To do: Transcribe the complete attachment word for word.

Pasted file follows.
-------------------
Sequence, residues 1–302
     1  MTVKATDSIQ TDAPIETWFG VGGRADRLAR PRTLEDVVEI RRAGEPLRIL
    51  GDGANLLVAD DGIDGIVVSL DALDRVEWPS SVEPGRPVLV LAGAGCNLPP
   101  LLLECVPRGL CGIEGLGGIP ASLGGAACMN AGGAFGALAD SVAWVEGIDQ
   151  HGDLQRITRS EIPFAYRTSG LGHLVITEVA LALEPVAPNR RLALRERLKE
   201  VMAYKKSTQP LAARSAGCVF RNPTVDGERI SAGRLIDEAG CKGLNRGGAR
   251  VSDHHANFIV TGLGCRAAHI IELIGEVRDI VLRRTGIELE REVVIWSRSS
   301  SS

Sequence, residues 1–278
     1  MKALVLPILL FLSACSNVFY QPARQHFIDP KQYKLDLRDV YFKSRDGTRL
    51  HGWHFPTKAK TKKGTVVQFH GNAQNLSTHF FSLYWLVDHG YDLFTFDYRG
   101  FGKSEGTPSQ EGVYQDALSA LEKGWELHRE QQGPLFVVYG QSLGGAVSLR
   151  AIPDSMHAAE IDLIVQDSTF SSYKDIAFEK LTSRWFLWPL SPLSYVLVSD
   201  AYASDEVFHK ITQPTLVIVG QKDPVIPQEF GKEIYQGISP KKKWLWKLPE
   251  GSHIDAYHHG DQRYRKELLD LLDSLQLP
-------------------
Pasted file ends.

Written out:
Sequence, residues 1–302
     1  MTVKATDSIQ TDAPIETWFG VGGRADRLAR PRTLEDVVEI RRAGEPLRIL
    51  GDGANLLVAD DGIDGIVVSL DALDRVEWPS SVEPGRPVLV LAGAGCNLPP
   101  LLLECVPRGL CGIEGLGGIP ASLGGAACMN AGGAFGALAD SVAWVEGIDQ
   151  HGDLQRITRS EIPFAYRTSG LGHLVITEVA LALEPVAPNR RLALRERLKE
   201  VMAYKKSTQP LAARSAGCVF RNPTVDGERI SAGRLIDEAG CKGLNRGGAR
   251  VSDHHANFIV TGLGCRAAHI IELIGEVRDI VLRRTGIELE REVVIWSRSS
   301  SS

Sequence, residues 1–278
     1  MKALVLPILL FLSACSNVFY QPARQHFIDP KQYKLDLRDV YFKSRDGTRL
    51  HGWHFPTKAK TKKGTVVQFH GNAQNLSTHF FSLYWLVDHG YDLFTFDYRG
   101  FGKSEGTPSQ EGVYQDALSA LEKGWELHRE QQGPLFVVYG QSLGGAVSLR
   151  AIPDSMHAAE IDLIVQDSTF SSYKDIAFEK LTSRWFLWPL SPLSYVLVSD
   201  AYASDEVFHK ITQPTLVIVG QKDPVIPQEF GKEIYQGISP KKKWLWKLPE
   251  GSHIDAYHHG DQRYRKELLD LLDSLQLP